Postcard from Asheville
Sometimes something has to die in order for something to live. My good friend was going through a divorce. “This is an opportunity to totally rethink your life,” I suggested over coffee one cold winter day seven years ago. “If you could wave a wand and create the perfect life what would it look like?”
“I’d like to have a great job doing what I love, writing. And I’d like to do it for a very cool organization like the FBI. I’d live outside of Washington, DC, and I’d make enough money to really provide for my kids,” she replied after only a few moments.
“Sounds pretty specific.”
“That’s what I want,” she said confidently.
Several weeks ago, I said good-bye to my friend. Along with her two children, she was moving to Virginia where she had accepted a writing position with the FBI at a great salary.
“Randy, if you had told me back then that it would take seven years, I would have slit my throat,” she said, laughing. “But looking back, I see that the timing is perfect. We’re now ready to go. Thank you for helping me hold that vision of how my life could be.”
One of the things I love most about my job is helping people imagine what their best selves and best lives might look like. I do this through executive coaching and workshops. If you know of a professional association, organization, or corporation that might benefit from one my workshops, would you refer them to me? Here’s a brief write-up of my most popular workshops.
Over the past two months, we’ve explored intention. In January, we examined intention from 50,000 feet with a life plan, and in February we took a closer look at an annual plan. This month, we’ll study intention from 500 feet with a daily plan.
P.S. If you’d like more information on the power of intention, check out my latest special report: Determine Your Destiny: Be Your Best Through Intention.
Intention from 500 Feet: Your Daily Plan
“To let life happen to you is irresponsible. To create your day is your divine right,” writes author J. Z. Knight.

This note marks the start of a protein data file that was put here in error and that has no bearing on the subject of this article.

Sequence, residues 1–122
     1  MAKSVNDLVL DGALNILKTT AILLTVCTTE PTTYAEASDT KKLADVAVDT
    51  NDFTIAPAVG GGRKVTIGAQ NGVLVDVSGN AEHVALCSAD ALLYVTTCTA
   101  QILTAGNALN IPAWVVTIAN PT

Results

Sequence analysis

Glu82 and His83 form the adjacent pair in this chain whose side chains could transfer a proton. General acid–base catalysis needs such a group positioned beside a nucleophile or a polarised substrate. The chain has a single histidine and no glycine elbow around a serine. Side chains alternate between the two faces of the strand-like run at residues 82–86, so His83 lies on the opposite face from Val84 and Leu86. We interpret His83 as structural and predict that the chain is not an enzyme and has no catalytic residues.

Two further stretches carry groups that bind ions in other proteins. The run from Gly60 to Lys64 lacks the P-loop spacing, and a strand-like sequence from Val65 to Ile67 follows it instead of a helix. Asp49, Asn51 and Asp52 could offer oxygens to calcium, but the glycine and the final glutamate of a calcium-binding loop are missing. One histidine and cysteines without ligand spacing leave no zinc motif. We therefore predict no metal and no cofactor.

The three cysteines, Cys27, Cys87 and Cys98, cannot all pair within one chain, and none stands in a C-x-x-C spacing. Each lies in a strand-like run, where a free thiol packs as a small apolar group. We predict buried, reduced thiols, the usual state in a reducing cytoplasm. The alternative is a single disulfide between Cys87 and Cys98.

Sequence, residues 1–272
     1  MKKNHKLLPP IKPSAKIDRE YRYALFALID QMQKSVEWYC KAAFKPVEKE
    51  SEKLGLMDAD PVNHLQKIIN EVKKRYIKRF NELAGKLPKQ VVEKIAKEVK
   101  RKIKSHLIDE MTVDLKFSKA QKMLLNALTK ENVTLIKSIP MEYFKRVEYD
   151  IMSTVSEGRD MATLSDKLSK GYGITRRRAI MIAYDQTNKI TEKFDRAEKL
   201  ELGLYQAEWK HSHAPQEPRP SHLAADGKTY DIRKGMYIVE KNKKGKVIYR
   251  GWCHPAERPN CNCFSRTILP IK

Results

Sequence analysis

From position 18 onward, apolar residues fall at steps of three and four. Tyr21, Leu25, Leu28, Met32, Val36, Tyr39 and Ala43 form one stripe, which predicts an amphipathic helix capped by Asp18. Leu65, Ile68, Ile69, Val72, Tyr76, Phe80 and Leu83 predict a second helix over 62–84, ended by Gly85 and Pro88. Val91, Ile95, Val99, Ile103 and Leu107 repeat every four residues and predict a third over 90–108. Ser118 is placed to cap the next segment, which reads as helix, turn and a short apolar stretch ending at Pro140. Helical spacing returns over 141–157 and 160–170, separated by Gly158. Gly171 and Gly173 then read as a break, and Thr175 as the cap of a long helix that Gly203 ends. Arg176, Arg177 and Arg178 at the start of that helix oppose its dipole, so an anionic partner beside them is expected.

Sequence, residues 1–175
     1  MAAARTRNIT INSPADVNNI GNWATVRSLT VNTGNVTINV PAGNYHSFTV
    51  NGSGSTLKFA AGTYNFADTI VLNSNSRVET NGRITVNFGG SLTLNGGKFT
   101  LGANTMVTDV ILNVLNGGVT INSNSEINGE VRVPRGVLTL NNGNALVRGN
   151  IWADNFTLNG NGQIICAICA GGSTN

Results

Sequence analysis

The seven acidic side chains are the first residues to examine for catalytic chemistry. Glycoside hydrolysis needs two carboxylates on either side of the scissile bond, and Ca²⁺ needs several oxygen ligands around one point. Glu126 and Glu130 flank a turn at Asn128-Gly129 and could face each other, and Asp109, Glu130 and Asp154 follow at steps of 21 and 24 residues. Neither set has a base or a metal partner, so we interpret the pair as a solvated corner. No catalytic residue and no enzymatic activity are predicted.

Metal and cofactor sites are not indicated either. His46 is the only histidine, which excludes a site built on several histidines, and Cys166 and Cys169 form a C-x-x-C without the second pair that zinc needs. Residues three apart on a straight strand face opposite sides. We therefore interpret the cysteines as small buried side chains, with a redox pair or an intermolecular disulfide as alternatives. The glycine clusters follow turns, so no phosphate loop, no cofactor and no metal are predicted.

No one can anticipate—much less control—the events that occur during the course of a day, but setting an intention can start your day off right by providing a psychological boost. By declaring a daily intention, you can increase your:
- Hope, motivation, and optimism
- Commitment and feelings of empowerment
- Accountability for projects, goals, and objectives
- Utilization of time
I created an exercise that you may want to try. It’s designed to help me begin each day with increased awareness, attention, and intention. (I write it down in my journal.)
Right now, I feel:
I list four feelings; they may be physical or emotional. Physical sensations might be: warm, cold, tired, energized, etc. Emotions could be: sad, happy, angry, grateful, loving, loved, content, anxious, serene, contemplative, rushed, centered, inspired, motivated, vulnerable, lonely, etc.
I am grateful for:
(After listing four things or people I’m grateful for, I take a moment to feel the gratitude.)
Attention and Intention
I will accomplish today (one goal):___________________________________
As I accomplish the goal, I remember to come from love. I also remember that my overall intention is to connect—to self, others, and a higher power—and to contribute.
Today, my intention is to (one intention.): ______________________________
(I take a moment to let this sink in.)
I now feel:
Quite often my feelings shift after completing this exercise, and I’m able to begin the day in a more grounded place.
It’s one thing to begin your day with intention; it’s quite another to stay intentional throughout the day. To stay intentional during the day, ask yourself as often as you remember: “Where is my focus now? Is it grounded in love or fear?”
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